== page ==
Drums and horns is basically the idea in these bands. These are bands with legs, you know? They’re traditionally marching through the streets in parades, and funerals, in celebrations. It started out as very much a part of the jazz traditions and then more modern music has been brought into the brass bands of today, and then there’s the sort of marching band or real parade band aspect to it. It’s just amazing to hear these various kinds of brass bands do their thing in the streets with the drums and horns echoing off the buildings, hearing the way different spaces sound as you move through the city and it draws people like the Pied Piper along the way. It’s really beautiful.

I think these poor kids, who have even less opportunity than most, are no different from all kids. Unless you’ve had the opportunity to do something like learn the language of music -- which is the universal language. I’ve had these experiences where I go to the other side of the world and I’m in the jungle in Burma with people escaping a violent death at the hands of a dictatorship and I show up a privileged, white person with this chasm between us … as soon as I get the guitar and play a song, it’s like, bam, family. You know? Music, you can’t underestimate the power it has to connect us through time and across the globe and help us to communicate with each other and see each other as humanity.

These kids, they’ve just got nothing to motivate them in this world and then they fall into this incredibly empowering art form and they become a part of a team. It’s grueling, the Roots of Music is military-level discipline and expectations of this kids, but it becomes incredibly rewarding as you begin to master something and become a part of something that’s powerful. It resonates through the rest of your life, I think, as soon as you have an experience like that.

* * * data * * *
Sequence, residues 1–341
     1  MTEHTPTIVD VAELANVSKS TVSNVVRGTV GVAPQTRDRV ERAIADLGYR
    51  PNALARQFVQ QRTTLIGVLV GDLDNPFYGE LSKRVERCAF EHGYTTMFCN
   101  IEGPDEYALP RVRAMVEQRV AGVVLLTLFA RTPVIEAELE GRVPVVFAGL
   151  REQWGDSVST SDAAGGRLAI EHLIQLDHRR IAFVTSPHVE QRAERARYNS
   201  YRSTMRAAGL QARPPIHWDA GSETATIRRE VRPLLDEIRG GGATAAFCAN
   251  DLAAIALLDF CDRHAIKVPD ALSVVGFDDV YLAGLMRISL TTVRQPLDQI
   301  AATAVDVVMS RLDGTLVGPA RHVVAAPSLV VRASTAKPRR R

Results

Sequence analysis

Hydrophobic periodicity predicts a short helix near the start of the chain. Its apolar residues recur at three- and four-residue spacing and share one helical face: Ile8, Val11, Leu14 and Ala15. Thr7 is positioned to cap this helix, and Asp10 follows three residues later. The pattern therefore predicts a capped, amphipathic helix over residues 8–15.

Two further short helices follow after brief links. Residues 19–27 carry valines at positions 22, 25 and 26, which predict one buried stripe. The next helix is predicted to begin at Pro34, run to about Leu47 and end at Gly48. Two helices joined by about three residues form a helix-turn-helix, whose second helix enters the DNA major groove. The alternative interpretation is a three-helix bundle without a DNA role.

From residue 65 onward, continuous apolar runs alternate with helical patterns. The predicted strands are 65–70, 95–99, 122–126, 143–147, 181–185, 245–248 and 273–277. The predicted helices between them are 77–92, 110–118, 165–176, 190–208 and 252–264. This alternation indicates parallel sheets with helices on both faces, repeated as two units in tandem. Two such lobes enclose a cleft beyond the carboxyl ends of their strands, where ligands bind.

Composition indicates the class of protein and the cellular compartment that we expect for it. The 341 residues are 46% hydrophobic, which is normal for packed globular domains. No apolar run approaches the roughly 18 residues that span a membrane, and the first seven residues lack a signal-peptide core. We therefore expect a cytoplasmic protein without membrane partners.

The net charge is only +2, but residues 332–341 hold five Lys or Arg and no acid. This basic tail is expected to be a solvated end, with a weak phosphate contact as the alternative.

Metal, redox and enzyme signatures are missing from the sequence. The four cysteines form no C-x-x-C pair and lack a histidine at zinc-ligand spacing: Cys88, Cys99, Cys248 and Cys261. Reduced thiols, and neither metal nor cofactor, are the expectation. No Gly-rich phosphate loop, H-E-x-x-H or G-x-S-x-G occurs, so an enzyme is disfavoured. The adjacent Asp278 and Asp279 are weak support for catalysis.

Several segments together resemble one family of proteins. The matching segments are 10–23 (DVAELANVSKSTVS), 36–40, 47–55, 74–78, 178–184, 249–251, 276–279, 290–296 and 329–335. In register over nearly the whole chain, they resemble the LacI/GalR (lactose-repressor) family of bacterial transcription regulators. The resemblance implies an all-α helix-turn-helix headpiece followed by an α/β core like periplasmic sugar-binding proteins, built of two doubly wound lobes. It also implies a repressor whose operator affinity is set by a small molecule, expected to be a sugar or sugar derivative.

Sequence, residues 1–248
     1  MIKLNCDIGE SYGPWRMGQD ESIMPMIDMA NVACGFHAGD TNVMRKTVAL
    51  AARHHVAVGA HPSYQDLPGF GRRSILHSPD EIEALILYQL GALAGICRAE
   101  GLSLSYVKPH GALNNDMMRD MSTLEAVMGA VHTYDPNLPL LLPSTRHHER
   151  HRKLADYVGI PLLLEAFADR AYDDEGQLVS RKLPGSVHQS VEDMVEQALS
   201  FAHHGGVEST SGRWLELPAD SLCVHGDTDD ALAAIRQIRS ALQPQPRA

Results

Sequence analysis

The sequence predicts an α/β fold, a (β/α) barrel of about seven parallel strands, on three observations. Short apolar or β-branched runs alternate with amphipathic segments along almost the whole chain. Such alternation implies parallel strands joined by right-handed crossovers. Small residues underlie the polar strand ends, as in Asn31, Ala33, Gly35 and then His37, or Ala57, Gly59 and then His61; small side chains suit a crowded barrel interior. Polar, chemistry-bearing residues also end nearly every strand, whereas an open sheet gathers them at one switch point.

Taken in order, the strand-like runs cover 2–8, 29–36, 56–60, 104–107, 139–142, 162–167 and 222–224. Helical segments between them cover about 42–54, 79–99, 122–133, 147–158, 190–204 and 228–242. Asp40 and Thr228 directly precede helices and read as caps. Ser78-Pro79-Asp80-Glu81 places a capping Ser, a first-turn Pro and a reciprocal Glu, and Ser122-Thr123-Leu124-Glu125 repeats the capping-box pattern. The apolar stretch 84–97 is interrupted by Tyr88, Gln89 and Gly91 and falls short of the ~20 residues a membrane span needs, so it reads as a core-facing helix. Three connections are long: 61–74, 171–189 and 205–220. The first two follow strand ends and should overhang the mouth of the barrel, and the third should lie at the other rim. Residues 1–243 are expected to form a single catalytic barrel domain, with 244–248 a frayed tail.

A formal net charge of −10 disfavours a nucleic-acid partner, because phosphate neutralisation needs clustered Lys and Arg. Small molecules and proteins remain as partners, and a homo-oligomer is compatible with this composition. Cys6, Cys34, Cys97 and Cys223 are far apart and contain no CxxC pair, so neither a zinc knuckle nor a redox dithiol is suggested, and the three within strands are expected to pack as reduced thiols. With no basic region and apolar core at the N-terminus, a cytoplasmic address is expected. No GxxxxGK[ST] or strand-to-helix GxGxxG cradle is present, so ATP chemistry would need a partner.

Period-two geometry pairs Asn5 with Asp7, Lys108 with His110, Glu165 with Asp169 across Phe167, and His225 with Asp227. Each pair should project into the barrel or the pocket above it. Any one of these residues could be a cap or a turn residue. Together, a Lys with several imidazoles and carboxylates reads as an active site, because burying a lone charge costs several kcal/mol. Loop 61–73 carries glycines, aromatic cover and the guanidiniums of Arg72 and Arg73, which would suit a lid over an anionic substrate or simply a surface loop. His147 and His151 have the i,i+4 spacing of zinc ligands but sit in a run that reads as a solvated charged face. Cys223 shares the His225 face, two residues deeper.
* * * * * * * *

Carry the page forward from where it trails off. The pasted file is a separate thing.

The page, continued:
I think it’s increasingly hard, in the modern world, to be a balanced, happy, at-peace person. Artistic expression, whether you end up becoming a professional artist or not, is an incredibly valuable tool. There are children of any kind of background who face trouble with things in life, and I know that when I was growing up expressing the pain in me of the unhappy family that I came from, of the troubles that I didn't choose as a child, it saved my life. It became, obviously, my whole world. I remember in my public school in Buffalo this chick coming in for a couple of weeks who was a poet. I was a young kid at a public school and she was the artist-in-residence at grammar school. It must have been some state budget for arts in schools, and they were bringing in local poets. She taught us about poetry and it changed my life. I don’t remember her name but she made a great impression on me. These little experiences are really essential for kids.

I think that we have a real problem in our culture of considering left-brained intelligence to be intelligence. Right-brained intelligence is not where art, for instance, lives; all the intelligences of the right hemisphere are completely downplayed or excluded, but it’s the interaction between these two human identities that we all have that makes us such a dynamic species. To not foster right-brained ways of knowing, such as music, is to lose, I think, a lot of our intelligence along the way.

These days they're incorporating a lot more pop and hip-hop music and straying from the traditional jazz vocabulary. One thing that is actually not spoken of, necessarily, at Roots of Music, for instance, is that it’s a completely gender-integrated band. There are young girls in this school playing right alongside boys. The Marching Crusaders, the band, is girls and boys, which is an evolution. In a lot of these musical traditions you have women only as singers; they were never handed the tools of music. So that alone is quite an evolution.

As told to Scott Timberg

By Ani DiFranco

As a singer, songwriter, activist and independent entrepreneur, Ani DiFranco has been setting her own pace—and encouraging countless admirers to do the same—for more than 20 years. In light of the current political climate in the United States, DiFranco has been using her tour and her music to encourage fans to vote on Election Day and have their voices be heard. The “VOTE DAMMIT” tour also features DiFranco performing new songs such as “Play God,” which stresses the importance of a woman’s right to choose, from her new album “Binary,” coming spring 2017.

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Ani Difranco Derrick Tabb Music New Orleans Rebirth Brass Band Roots Of Music Tmot Trust Me On This